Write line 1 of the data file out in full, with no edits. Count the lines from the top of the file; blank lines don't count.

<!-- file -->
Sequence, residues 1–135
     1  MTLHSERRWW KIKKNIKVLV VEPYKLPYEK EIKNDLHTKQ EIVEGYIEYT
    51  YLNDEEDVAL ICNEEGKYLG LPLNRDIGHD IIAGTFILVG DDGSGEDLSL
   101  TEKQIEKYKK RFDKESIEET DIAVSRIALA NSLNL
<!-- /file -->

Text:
Sequence, residues 1–135